Cataract Surgery Patients Guide
The 2020 Complete Patient's Guide
This is a complete guide to cataract surgery in 2020.
If it’s Laser Eye Surgery you’re after, then our Laser Eye Surgery Guide will be a more appropriate read. If not, let’s continue…
In this in-depth guide, you will learn;
- How common cataracts are.
- Who gets them.
- How they affect your vision.
We’ll also look at the procedure and the implant choices available.
So, if you’re ready to learn everything about cataract surgery, let’s jump straight in!
What Are Cataracts?
Cataract refer to cloudy changes in the lens of the eye. This lens sits just behind your pupil, the black opening in the centre of your coloured iris.
In the healthy eye, light enters through the cornea (the transparent window at the front of the eye), then passes through the pupil and the lens. The lens helps focus light rays on to the light-sensitive cells within the retina at the back of your eye.
When a cataract forms, the normally clear lens develops semi-opaque or fully opaque areas causing it to become less transparent. Lens opacities range from minimal to advanced and, in the worst cases, create an entirely white lens. Over months or years, cataracts become worse and start to affect vision. Eventually, surgery will be required to remove and replace the lens. Glasses will not correct the problem.
Cataracts are most commonly as a result of ageing and become increasingly prevalent after the age of 60.
The word cataract comes from the Latin cataracta meaning ‘waterfall or floodgate’ and refers to the white appearance of the pupil in advanced cataracts.
It is rare to see such advanced ‘mature’ cataracts in the developed world, but they are not uncommon in developing countries.
How Common Are Cataracts?
The North London Eye Study found that the prevalence of cataract increases with age.
- 16% of people aged 65 to 69 years
- 24% of people aged 70 to 74 years
- 42% of people aged 75 to 79 years
- 59% of people aged 80 to 84 years
- 71% of people aged 85+
In the UK, age-related cataracts will affect around 20% of those aged 70. This rises quickly to 50% by 80 years old and just over 70% of those aged 85 or older.
“Half of all people will have cataracts by age 80, rising to 70% by 85” North London Eye Study
Who Gets Cataracts?
The most common cause for cataracts is ageing.
Cataracts are also a little more common in women. There is also some variation according to ethnicity, with a lower age of incidence in Indian and Bangladeshi patients.
Even though cataracts typically affect those age 60 and above, they can also affect young children and even babies (childhood and congenital cataracts).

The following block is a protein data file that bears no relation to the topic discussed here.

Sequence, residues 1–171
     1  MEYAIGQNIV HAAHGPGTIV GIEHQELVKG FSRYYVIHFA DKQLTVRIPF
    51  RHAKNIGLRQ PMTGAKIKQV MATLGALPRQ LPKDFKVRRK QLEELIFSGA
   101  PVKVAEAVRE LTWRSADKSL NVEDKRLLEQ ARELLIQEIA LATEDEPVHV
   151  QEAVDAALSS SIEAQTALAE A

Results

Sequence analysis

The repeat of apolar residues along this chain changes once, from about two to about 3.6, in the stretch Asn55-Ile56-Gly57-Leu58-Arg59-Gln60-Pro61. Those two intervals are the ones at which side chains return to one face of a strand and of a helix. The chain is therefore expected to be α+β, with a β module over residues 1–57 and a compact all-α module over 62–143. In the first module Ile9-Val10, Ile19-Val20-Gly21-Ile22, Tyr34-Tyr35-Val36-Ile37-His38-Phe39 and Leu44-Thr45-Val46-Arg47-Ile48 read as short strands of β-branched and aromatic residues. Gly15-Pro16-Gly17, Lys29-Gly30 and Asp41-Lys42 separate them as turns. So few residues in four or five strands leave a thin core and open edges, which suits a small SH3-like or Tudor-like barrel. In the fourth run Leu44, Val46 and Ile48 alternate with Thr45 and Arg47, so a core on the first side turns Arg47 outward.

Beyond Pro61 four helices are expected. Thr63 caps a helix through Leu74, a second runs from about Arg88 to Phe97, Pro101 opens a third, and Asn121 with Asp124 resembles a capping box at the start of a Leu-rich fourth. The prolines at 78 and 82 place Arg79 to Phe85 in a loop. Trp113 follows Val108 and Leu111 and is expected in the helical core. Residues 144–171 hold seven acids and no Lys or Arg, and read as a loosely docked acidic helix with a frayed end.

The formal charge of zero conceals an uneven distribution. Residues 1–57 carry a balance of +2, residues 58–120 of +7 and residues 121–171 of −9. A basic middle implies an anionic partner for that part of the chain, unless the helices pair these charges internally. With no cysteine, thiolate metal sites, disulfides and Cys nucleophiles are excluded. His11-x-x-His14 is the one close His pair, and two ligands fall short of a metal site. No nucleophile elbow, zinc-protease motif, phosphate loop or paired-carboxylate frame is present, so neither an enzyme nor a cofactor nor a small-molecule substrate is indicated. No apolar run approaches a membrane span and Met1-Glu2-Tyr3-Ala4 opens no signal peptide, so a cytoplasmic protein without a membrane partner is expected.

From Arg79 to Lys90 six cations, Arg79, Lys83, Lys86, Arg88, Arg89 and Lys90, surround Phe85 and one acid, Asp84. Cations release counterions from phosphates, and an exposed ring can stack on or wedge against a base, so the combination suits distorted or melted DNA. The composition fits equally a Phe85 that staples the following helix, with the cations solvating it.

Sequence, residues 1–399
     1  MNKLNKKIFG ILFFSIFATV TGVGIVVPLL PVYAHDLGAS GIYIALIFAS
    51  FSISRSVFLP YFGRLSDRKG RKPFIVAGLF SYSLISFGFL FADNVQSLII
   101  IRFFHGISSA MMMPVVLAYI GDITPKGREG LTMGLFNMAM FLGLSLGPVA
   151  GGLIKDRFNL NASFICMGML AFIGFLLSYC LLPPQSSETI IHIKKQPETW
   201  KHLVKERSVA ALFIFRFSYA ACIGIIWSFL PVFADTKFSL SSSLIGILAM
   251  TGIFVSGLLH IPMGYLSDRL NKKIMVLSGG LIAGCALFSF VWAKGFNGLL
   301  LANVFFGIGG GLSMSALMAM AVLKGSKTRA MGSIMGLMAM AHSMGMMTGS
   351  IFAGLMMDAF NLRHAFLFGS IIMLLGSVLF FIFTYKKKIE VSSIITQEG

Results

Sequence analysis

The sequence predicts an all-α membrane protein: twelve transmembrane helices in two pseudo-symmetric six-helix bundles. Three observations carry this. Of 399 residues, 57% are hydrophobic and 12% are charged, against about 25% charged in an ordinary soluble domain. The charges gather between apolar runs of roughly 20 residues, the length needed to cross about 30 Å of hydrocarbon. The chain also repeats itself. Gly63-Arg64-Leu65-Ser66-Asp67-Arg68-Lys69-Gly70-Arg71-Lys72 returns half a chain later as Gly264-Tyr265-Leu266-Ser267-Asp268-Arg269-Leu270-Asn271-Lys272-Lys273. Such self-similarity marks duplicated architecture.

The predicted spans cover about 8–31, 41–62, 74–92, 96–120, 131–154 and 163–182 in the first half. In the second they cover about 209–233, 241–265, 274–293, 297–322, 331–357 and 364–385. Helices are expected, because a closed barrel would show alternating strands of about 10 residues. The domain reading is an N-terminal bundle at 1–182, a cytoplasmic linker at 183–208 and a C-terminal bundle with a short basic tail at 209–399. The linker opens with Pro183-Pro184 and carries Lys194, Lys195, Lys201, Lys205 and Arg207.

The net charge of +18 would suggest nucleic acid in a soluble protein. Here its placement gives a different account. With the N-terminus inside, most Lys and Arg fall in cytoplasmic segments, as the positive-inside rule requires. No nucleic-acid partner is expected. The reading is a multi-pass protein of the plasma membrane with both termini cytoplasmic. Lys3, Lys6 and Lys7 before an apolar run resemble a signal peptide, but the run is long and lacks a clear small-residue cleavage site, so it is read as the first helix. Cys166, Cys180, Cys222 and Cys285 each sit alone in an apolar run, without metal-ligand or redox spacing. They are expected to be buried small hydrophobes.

Worldwide, cataracts are the leading cause of preventable blindness. Cataracts are responsible for 51% of all world blindness (20 million people) and as such are an international priority for the World Health Organization (WHO).
While lots of cataract surgery patients are in their 70s, more and more people in their 40s are getting the surgery. In fact, surgeons estimate that 1-2 percent of operations are on patients in their 40s.
Incidence varies with race: 70% of US Caucasians have cataracts by the age of 80. Compare that to 61% of Hispanic Americans and 53% of African Americans.
Types Of Cataracts
There are multiple types of cataracts, depending on the location of the opacity within the lens. Some are very slow to develop, gradually reducing vision over a number of years, whereas others can progress more quickly, even within weeks or months.
The most common types of cataract are:
Appear at the back of the lens and often produce initial problematic symptoms of glare from bright lights, e.g. car headlights, before progressing on to general vision reduction. People with diabetes or those taking high doses of steroid medications have a greater risk of developing a subcapsular cataract.
Are most commonly associated with ageing. These central lens changes start as a yellowing deep in the central nucleus of the lens, later becoming brown (known as lens brunescence). They cause a general reduction in visual clarity and a yellow hue to colours.
- Cortical cataract
White, spoke-like opacities found in the lens cortex, the outer part that surrounds the nucleus. Cortical cataracts begin in the periphery and then progress inwards to the centre.
Symptoms Of Cataracts
Cataracts can develop over months or more commonly years and, initially, they may present no symptoms. They usually affect only a small part of the lens in the early stages but will progress and extend over time.
Cataracts may develop in one eye at first, but very typically go on to affect both eyes.
Cataracts are not painful or itchy. The eyes are not red or inflamed, and will usually appear normal. In very advanced cataracts, the pupil may become grey or white (the white appearance was likened to a waterfall, from where cataracts get their name).
The location of the cataract will determine the kinds of symptoms you will experience:
Nuclear cataract often leads to an improvement in near vision because of an increase in short-sightedness. The patient may feel their eyesight is actually getting better though, as the cataract progresses, vision will become worse.
Cortical cataract may not produce any symptoms until it extends centrally and reaches the visual axis within the pupil. At this point vision will quickly deteriorate.
Subcapsular cataract may produce little in the way of symptoms until it becomes quite advanced, although there may be early effects of glare from bright lights.
Symptoms of Cataracts
- Vision becomes blurred or hazy, as though looking through a frosted piece of glass, affecting all or just patches of the visual field
- The blurriness is not corrected by wearing glasses
- It can become more difficult to see in dim light